Did you know that music can be a useful tool while preparing to take an English-proficiency test? It’s true! It’s a great way to develop English vocabulary and improve your listening skills. Keep reading to find out more about this handy study hack.
How it helps
There are a variety of benefits to using music to improve English-language skills. For one, it’s a great way to learn slang words and popular phrases. It’s also less time consuming than other forms of studying English — like reading, taking classes or watching TV — and can be done on the go.
Additionally, the spelling of English words can sometimes be confusing for non-native speakers. But listening to music in English can help you learn the pronunciation of words (be careful though, because sometimes artists will change the pronunciation in songs — if you’re unsure, we recommend you search the word in an online dictionary that has audio clips).
How to pick the right song
One important thing to keep in mind: Pick songs you can listen to multiple times — repetition is an important tool when learning a new language. You may also want to give thought to which genre(s) you listen to. Here are some that are considered helpful for English-language learners…
By nature, pop songs are typically shorter and contain simple, repetitive language, as well as more modern terminology. Plus, the content of pop music is often easy to understand and follow along with.
All of these elements make pop music a good choice for English-language learners.
Folk and country songs are often slower paced and feature blunt metaphors, as well as short lines and stanzas. These artists also tend to favor more of a storytelling format in their songs and their music often focuses on everyday life.
If you’re looking for variety, give rock music a try. With multiple sub-genres — including but not limited to alternative, punk and classic rock — you’ll likely never run out of options. Rock music is also known for idioms (i.e. “under the weather,” “carry the world on your shoulders” and “it takes two to tango”), making it a good way to learn common English phrases.
To practice listening to faster paced language, check out hip hop. The genre also tends to feature complicated rhyme patterns, double entendres and slang words, making it a good way to learn common phrases and conversational English.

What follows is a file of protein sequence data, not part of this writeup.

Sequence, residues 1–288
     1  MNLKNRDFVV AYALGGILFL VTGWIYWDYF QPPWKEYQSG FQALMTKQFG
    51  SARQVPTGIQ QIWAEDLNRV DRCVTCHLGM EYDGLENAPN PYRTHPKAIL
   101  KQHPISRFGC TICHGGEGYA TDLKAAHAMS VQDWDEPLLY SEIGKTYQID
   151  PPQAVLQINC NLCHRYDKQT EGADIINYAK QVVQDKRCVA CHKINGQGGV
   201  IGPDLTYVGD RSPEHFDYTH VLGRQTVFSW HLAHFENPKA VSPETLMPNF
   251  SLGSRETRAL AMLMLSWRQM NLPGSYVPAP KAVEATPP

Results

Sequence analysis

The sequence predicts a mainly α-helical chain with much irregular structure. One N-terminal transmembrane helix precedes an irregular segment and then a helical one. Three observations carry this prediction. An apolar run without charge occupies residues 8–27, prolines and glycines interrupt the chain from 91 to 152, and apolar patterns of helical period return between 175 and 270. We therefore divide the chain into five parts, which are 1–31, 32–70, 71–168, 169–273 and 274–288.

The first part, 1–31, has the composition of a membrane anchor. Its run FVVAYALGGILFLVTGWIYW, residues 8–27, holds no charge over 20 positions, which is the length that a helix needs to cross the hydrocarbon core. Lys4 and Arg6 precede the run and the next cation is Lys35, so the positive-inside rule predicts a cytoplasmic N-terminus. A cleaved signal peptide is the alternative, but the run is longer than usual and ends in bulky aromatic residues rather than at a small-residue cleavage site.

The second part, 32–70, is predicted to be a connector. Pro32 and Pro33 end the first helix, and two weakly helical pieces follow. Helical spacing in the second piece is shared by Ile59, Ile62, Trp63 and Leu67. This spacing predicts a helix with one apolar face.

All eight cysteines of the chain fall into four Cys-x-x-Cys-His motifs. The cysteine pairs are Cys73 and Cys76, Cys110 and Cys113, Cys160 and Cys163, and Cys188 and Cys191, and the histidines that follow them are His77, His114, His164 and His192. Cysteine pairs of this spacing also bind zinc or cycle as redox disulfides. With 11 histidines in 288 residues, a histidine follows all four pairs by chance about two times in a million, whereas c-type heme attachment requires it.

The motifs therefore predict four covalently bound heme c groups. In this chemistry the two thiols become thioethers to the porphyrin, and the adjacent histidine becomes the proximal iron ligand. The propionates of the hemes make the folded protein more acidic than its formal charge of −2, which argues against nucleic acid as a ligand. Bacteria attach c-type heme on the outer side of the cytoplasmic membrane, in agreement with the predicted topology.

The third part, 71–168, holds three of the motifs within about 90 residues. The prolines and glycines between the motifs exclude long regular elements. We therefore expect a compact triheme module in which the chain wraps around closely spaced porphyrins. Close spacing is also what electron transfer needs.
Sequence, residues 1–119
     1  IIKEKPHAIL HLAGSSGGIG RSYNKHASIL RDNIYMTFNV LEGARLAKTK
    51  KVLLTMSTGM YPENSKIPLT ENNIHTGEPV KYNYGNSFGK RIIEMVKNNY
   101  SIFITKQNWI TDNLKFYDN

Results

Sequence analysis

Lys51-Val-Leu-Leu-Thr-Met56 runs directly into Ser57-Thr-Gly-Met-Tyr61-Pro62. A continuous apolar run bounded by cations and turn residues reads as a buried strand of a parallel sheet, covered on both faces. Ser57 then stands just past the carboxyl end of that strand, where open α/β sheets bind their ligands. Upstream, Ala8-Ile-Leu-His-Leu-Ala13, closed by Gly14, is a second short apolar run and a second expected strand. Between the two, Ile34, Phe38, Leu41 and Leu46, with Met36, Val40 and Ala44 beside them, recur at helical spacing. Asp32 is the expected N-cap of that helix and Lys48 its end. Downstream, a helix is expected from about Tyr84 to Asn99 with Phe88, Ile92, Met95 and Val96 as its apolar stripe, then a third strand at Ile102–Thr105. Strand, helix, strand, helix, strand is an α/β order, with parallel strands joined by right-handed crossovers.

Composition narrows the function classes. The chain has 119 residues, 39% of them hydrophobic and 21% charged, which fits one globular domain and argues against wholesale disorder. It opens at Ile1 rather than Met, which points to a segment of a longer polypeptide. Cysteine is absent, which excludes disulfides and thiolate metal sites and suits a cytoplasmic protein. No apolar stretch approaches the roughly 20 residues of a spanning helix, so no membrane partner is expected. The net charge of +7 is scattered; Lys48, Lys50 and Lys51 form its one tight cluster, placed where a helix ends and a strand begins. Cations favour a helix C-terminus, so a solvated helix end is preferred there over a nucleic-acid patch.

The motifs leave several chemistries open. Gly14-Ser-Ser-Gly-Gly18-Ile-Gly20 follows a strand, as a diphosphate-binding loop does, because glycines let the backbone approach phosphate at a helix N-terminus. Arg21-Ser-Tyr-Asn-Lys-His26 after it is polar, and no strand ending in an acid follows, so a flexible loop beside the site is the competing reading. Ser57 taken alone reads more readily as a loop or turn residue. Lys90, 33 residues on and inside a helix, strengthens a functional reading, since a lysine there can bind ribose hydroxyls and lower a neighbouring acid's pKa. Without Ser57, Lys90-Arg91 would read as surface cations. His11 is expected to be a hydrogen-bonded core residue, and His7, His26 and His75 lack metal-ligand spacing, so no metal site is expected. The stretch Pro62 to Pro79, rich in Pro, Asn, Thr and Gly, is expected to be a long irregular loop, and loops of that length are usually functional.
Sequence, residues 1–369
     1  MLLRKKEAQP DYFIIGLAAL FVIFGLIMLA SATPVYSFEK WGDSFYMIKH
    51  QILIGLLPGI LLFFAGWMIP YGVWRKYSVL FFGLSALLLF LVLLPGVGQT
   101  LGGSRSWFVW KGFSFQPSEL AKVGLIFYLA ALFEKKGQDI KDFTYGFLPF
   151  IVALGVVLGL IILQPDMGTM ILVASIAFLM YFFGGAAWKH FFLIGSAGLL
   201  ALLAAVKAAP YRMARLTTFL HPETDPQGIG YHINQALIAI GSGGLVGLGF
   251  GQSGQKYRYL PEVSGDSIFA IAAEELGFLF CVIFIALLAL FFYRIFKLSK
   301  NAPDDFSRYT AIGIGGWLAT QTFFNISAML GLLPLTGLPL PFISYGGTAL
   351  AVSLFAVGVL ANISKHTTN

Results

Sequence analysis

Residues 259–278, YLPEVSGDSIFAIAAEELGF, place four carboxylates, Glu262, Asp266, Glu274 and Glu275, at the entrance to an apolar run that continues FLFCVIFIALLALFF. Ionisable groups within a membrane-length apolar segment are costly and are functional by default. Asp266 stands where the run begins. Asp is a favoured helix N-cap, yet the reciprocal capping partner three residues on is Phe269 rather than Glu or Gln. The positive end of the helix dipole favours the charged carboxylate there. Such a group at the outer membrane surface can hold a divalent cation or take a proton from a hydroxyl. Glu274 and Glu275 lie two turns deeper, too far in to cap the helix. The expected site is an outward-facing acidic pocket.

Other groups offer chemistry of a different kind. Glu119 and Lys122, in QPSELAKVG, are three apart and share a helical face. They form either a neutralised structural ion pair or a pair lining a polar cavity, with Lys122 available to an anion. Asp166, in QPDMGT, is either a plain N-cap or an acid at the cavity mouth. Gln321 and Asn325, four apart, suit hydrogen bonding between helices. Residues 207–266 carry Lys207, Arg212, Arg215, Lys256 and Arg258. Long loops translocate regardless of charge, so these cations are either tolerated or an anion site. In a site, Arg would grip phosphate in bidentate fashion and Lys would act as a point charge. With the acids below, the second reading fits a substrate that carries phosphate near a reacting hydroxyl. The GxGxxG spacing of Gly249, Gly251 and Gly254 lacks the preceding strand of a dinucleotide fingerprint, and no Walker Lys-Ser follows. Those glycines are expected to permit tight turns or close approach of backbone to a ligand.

While they may not be your first choice in music, songs made for children can help you learn concepts like colors, animals, days of the week, nature, body parts and more. Some good examples: Head, Shoulders, Knees and Toes; Old Macdonald Had a Farm; Wheels on the Bus; and Row, Row, Row Your Boat.
Other ways to use music for studying
Here are some other tactics you can utilize to make the most of your listening sessions…
- Watch music videos with subtitles | Watching videos for English songs with English subtitles will help you associate how words sound versus how they’re written.
- Make a list of words/phrases you don’t know | Once you have your list, start looking up the meaning of these words and phrases, then practice using them in conversations.
- Sing karaoke | Find the karaoke versions of your favorite songs to practice your reading and memorization skills.
- Print out the lyrics | Reading the lyrics to a song while you listen to it can help you retain the words you’re hearing and reading. Pro tip: highlight the words you don’t know so you can look them up when you’re done listening to the song.
- Create a playlist | Remember, repetition is a good thing when learning a new language — so make a playlist of your favorite songs to listen to over and over again!
Gateway to American culture
If you’re planning on studying abroad in the United States, listening to music from American artists can be a great way to familiarize yourself with the country’s culture. And once you’re in the U.S., you’ll find that music is an integral part of American life, bringing together people from varied nations, cultures, and ethnicities. Take advantage of seeing live music, which could be at a concert venue, on campus, or even in a public place like a park or restaurant. You can also take a music-themed tour of the U.S. to really dig in to America’s musical roots — popular cities for music include Nashville, New York City, Austin, New Orleans, and Seattle.
Take the next steps
Start your journey to studying abroad by registering for the TOEFL iBT® test — then build your playlist to help you prep!
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